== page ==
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Philip Neri is known as the patron saint of mirth and joy. What a way to be remembered! When he walked into a room, a ray of Christ’s light came with Him. People felt at ease when he was there, and were able to be fully themselves. His joy and goodness was so contagious it caused even rowdy children or hateful people to become joyful and gentle in his midst. But he wasn’t a clown, he lived a transformative life. He was known for breaking through pretenses and asking simple gentle questions that changed peoples lives. He could let anyone to see the good in their lives.

He was also incredibly devout and a mystic. One day before Pentecost, he begged God for an outpouring of the Holy Spirit. He repeatedly asked God for each of the gifts and fruits of the Holy Spirit to fill his heart to the brim. He saw a fire of divine love descend from above and enter his heart. The fire burned without any pain and caused a love of such intensity that he fell to the ground in ecstasy, saying, "Enough, enough, Lord, I can bear no more.” When he became fully conscious again, he found his heart nearly swelling out of his chest and beating very powerfully.

Four effects of this experience remained with him for life. He experienced excessive heat from within his chest for the rest of his life. Many of his friends said being with him was like sitting next to a fire. He experienced trembling. So much sometimes the whole room shook while he prayed. He also experienced healing from the love of Christ being within him. People who visited him with illness or anxiety would place their hands on his heart and be healed. After Philip died, the doctors of the autopsy said his rib cage had arched physically outwards to contain his heart. He also experienced swelling of his body- especially when others were praying for gifts of the Holy Spirit. The gifts literally swelled up within him.

God desires to do radical things within our hearts. He desires to place his divine love within us. Maybe we won’t shake a room from receiving this kind of love, but we are invited to be fully us. How is God calling you to be joyful today? How is he calling you to receive His divine love within you?


More about Philip Neri...

"Philip Neri was a sign of contradiction, combining popularity with piety against the background of a corrupt Rome and a disinterested clergy: the whole post-Renaissance malaise.

At an early age, Philip abandoned the chance to become a businessman, moved to Rome from Florence, and devoted his life and individuality to God. After three years of philosophy and theology studies, he gave up any thought of ordination. The next 13 years were spent in a vocation unusual at the time—that of a layperson actively engaged in prayer and the apostolate.

As the Council of Trent (1545-63) was reforming the Church on a doctrinal level, Philip’s appealing personality was winning him friends from all levels of society, from beggars to cardinals. He rapidly gathered around himself a group of laypersons won over by his audacious spirituality. Initially, they met as an informal prayer and discussion group, and also served poor people in Rome.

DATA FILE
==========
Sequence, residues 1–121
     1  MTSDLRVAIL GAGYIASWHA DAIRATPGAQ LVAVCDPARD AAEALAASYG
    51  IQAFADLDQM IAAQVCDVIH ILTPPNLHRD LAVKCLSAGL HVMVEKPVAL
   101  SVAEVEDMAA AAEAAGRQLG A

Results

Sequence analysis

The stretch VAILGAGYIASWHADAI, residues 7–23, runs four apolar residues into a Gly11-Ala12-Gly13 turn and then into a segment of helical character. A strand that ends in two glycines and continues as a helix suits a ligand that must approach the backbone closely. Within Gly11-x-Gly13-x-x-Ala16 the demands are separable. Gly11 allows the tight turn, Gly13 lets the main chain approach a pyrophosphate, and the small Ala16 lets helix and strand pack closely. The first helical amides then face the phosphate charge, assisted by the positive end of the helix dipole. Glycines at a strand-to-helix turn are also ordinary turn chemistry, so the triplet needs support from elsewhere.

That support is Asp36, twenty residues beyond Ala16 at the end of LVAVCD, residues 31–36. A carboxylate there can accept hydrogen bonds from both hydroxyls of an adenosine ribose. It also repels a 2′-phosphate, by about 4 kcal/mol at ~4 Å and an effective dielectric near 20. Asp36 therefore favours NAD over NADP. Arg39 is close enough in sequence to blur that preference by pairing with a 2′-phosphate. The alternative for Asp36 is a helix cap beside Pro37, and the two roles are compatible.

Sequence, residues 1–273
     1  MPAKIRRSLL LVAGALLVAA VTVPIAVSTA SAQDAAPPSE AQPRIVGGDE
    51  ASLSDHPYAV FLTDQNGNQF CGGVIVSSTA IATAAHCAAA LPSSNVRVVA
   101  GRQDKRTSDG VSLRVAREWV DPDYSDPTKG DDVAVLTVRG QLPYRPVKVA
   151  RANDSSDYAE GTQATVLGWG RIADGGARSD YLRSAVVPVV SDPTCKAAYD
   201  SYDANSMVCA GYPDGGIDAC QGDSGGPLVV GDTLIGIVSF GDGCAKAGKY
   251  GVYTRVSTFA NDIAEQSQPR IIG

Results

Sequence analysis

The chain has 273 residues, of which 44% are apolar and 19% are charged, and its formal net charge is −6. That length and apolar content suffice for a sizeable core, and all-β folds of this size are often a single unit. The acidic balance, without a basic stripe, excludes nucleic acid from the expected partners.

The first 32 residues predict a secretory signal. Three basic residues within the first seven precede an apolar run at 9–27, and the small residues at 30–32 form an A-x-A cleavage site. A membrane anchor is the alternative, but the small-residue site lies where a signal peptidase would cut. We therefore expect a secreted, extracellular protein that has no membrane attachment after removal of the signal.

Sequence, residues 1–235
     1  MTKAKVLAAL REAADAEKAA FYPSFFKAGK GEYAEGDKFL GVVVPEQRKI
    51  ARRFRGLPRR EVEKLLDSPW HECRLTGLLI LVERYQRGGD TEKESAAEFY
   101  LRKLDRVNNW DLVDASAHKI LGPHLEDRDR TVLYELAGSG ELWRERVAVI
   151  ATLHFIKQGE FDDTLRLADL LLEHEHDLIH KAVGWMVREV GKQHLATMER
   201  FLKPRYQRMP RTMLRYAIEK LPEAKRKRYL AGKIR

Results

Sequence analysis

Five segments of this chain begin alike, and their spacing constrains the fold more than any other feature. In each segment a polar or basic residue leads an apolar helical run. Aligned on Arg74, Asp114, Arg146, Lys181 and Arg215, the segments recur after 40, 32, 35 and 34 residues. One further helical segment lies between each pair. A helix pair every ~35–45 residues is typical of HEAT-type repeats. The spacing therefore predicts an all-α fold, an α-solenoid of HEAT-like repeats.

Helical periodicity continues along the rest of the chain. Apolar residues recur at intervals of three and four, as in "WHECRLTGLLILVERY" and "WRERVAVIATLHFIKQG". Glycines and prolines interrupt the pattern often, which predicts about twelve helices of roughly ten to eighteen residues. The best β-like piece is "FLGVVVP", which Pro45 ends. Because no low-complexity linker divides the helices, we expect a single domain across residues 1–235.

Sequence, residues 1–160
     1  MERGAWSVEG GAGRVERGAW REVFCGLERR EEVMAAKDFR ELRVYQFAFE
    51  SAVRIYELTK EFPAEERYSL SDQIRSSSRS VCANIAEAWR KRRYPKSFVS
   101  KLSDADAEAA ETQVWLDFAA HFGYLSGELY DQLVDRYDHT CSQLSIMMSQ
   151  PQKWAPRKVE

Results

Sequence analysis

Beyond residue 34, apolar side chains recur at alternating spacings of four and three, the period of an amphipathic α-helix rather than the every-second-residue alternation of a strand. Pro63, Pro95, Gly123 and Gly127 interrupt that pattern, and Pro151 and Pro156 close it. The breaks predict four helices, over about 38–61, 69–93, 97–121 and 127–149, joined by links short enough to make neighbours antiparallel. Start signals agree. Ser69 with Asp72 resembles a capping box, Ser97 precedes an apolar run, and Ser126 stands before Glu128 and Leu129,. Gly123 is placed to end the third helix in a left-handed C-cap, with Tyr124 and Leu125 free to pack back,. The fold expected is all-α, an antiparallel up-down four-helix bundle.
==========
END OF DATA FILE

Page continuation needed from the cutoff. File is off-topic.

At the urging of his confessor, Philip was ordained a priest and soon became an outstanding confessor himself, gifted with the knack of piercing the pretenses and illusions of others, though always in a charitable manner and often with a joke. He arranged talks, discussions, and prayers for his penitents in a room above the church. He sometimes led “excursions” to other churches, often with music and a picnic on the way.

Some of Philip’s followers became priests and lived together in community. This was the beginning of the Oratory, the religious institute he founded. A feature of their life was a daily afternoon service of four informal talks, with vernacular hymns and prayers. Giovanni Palestrina was one of Philip’s followers, and composed music for the services. The Oratory was finally approved after suffering through a period of accusations of being an assembly of heretics, where laypersons preached and sang vernacular hymns!

Philip’s advice was sought by many of the prominent figures of his day. He is one of the influential figures of the Counter-Reformation, mainly for converting to personal holiness many of the influential people within the Church itself. His characteristic virtues were humility and gaiety.

After spending a day hearing confessions and receiving visitors, Philip Neri suffered a hemorrhage and died on the feast of Corpus Christi in 1595. He was beatified in 1615 and canonized in 1622. Three centuries later, Cardinal John Henry Newman founded the first English-speaking house of the Oratory in London.

Many people wrongly feel that such an attractive and jocular personality as Philip’s cannot be combined with an intense spirituality. Philip’s life melts our rigid, narrow views of piety. His approach to sanctity was truly catholic, all-embracing, and accompanied by a good laugh. Philip always wanted his followers to become not less but more human through their striving for holiness." Take from Franciscan Media